JACKSON, Miss. – James Meredith is a civil rights legend who resists neatly defined narratives.
He integrated the University of Mississippi while braving mob violence in 1962 – yet he worked in the late 1980s for archconservative Sen. Jesse Helms, considered a foe by many in the civil rights movement.
Wounded by shotgun fire while marching for voting rights in 1966, Meredith also shuns the title of “civil rights icon,” as if civil rights are different from other rights.
Now, at 85, Meredith could rest assured of a place in history. But he says he’s on a new mission from God – to confront what he sees as society’s “breakdown of moral character” by encouraging people to live by the Ten Commandments.
He says black people must lead the way for Christians of all races to have spiritual healing.
“If the black Christians focus on teaching right, doing right, all other Christian religions would follow suit,” Meredith says. “Instead of religion healing the black-white race issue, the race issue is going to heal everything and correct all the rest of our problems.”
Meredith made the remarks during an interview this summer with The Associated Press at a Jackson public library where he’s a frequent patron.
Wearing cool white slacks, a white shirt and a straw hat, Meredith was approached by an African-American woman with three young girls. She thanked him for making Mississippi a better place and introduced him to the children.
Meredith, a slender man with a white beard, asked her to speak up because he doesn’t hear as well as he used to. The children shyly shook his hand. They posed for a picture, and the youngest girl kissed him on the cheek as she left. Meredith smiled.
“I’ve been in the God business all my life,” Meredith says. “Ole Miss to me was nothing but a mission from God. The Meredith March Against Fear was my most important mission from God, until this one coming up right now: Raising the moral character up, and making people aware of their duty to follow God’s plan and the teachings of Jesus Christ.”
Meredith grew up in segregated Mississippi, served in the Air Force and sued to gain admission as the first black student at the state’s flagship university. Facing resistance from the governor and riots that led to two deaths, Meredith enrolled at Ole Miss in 1962, under federal court order and protected by U.S. marshals. He graduated with a political science degree.
In June 1966, Meredith set out to prove a black man could walk through Mississippi without fear, aiming to trek from Memphis, Tennessee, to Jackson. On the second day, a white man shot and wounded him. Other civil rights leaders, including Martin Luther King Jr., arrived to continue the march.
Since the 1960s, Meredith has been in and out of the public eye. He’s been married and raised children and involved himself in Republican politics. He’s run a used car dealership and has spoken on college campuses.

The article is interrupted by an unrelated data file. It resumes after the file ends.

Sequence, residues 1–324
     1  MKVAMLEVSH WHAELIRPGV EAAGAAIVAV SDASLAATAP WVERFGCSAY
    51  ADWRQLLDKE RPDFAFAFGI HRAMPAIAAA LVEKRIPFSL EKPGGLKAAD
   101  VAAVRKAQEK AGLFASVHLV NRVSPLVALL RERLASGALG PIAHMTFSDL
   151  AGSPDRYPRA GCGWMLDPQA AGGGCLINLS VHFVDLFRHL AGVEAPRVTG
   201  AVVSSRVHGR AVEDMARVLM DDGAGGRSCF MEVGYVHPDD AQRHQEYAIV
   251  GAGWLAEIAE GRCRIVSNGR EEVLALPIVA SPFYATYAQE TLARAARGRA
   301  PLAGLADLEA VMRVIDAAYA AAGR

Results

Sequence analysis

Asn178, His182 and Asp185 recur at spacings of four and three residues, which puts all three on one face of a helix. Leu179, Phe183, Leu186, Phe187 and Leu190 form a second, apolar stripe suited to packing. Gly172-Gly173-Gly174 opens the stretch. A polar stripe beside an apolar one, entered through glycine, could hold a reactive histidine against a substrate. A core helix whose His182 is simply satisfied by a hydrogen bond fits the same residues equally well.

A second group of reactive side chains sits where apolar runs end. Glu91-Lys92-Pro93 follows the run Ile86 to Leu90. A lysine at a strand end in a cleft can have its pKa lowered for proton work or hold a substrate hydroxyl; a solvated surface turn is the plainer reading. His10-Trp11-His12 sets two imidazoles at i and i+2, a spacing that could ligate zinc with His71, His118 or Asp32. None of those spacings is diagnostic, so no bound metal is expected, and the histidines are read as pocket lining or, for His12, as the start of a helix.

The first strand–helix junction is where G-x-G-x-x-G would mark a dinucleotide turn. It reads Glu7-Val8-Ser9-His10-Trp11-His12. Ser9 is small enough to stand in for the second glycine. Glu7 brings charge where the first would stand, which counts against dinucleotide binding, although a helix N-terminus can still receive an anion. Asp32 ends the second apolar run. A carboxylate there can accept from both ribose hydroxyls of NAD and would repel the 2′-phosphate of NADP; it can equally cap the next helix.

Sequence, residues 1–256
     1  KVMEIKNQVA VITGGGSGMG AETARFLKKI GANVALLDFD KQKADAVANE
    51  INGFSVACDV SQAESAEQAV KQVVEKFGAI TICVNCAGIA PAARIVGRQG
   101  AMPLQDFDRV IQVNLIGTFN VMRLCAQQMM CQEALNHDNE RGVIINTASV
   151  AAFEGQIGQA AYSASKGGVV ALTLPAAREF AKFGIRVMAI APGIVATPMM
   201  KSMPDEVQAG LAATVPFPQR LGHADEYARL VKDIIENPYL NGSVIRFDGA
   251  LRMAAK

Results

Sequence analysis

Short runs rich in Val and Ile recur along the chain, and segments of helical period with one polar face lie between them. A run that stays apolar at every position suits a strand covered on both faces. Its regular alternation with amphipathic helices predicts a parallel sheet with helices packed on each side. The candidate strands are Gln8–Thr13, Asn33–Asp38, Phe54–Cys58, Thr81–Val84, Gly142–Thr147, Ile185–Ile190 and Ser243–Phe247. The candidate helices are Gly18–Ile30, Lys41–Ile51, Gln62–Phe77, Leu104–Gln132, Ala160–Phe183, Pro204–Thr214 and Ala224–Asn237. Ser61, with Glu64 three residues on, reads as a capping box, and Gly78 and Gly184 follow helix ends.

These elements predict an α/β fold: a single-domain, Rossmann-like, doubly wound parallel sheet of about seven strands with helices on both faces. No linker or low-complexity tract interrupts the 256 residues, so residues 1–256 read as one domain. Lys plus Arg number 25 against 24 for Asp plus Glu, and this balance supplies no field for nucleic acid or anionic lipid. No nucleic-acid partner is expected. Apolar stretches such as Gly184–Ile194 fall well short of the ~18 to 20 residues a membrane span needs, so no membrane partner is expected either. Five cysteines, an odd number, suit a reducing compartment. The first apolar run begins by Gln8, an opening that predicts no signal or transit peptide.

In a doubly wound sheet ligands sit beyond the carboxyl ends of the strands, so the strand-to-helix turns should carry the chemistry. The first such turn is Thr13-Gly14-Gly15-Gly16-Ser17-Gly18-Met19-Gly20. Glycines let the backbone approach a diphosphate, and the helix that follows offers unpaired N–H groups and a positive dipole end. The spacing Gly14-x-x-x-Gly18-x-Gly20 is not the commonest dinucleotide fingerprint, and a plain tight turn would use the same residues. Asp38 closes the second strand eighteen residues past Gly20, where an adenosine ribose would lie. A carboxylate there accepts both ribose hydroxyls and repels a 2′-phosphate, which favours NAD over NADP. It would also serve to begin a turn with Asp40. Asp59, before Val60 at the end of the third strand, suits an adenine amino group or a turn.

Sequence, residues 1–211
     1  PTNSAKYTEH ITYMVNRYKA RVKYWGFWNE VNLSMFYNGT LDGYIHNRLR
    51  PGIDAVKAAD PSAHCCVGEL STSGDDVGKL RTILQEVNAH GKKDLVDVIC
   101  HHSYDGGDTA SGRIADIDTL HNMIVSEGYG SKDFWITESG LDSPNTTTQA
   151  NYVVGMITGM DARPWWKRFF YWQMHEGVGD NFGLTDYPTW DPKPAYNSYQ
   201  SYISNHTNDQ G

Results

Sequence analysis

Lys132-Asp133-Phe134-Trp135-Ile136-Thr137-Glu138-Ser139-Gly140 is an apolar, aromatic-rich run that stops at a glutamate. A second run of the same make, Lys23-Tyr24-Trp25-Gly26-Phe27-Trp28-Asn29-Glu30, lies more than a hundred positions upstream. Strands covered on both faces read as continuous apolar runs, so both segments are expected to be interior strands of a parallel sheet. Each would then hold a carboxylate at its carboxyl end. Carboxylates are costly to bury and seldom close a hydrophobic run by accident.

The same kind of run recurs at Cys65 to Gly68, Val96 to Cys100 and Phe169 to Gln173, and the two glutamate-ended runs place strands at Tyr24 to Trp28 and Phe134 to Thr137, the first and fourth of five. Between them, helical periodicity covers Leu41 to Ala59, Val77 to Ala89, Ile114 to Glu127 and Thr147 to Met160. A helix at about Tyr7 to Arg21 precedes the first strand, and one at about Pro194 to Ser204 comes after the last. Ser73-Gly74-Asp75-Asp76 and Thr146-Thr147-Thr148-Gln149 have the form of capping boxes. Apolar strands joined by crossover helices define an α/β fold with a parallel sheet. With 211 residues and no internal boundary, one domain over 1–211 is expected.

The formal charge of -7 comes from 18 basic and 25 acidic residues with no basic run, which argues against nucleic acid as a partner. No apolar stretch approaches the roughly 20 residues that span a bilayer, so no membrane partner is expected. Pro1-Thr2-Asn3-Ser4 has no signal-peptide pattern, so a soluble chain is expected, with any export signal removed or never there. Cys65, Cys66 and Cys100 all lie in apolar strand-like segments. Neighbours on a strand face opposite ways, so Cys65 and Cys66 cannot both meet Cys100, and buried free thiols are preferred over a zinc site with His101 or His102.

Always independent, Meredith is an iconoclast who says things that can sound grating to people who otherwise see him favorably. For instance, he sharply criticizes a black mother who left her 6-year-old son in her car last year while she went into a Jackson grocery store at night; the car was stolen, the boy was killed and young black men were charged in the crime.
He also wades into the issue of police treatment of black people. He says people fail to discuss whether Michael Brown, an unarmed black teenager, was stealing before he was shot to death by a white police officer in Ferguson, Missouri, in 2014.
Georgia Cohran, an African-American resident of Jackson, was a child in Oxford in 1962. She remembers the fear when Meredith enrolled, and the sense of wonder that a black student was finally studying on the campus where many African-Americans, including her mother, worked as cooks. She has known Meredith for years, and he has spoken at the church she attends.
“To really understand Mr. Meredith, I think you would have to look at him through brown eyes instead of blue eyes,” Cohran said. “In my opinion, he’s not very complicated. He’s just focused – a very intelligent, focused black man.”
For about two decades, Meredith has handed out photocopies of the Ten Commandments. He says he wants to form a lay religious order called a Bible Society and envisions people studying in small groups and holding each other accountable.
“You only have a good society when everybody’s business is everybody’s business,” he says.
Explaining his new mission, Meredith radiates calm confidence. An African-American man, about college age, has been studying at the next table in the library. The man closes his books and turns to listen. He clearly knows who Meredith is, and the young man is absorbing the older man’s words.
Later, as a reporter waves goodbye, Meredith raises a black power fist and lowers himself into his Honda Civic. The young man from the library walks over and taps on the car window. Meredith rolls it down and the young man smiles and shakes his hand.